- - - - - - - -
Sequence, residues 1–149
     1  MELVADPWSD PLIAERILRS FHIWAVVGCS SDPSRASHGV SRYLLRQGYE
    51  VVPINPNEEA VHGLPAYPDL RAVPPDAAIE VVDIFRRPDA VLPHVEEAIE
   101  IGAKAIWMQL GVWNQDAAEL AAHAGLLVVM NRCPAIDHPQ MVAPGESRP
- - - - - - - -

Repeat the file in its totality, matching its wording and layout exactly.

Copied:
Sequence, residues 1–149
     1  MELVADPWSD PLIAERILRS FHIWAVVGCS SDPSRASHGV SRYLLRQGYE
    51  VVPINPNEEA VHGLPAYPDL RAVPPDAAIE VVDIFRRPDA VLPHVEEAIE
   101  IGAKAIWMQL GVWNQDAAEL AAHAGLLVVM NRCPAIDHPQ MVAPGESRP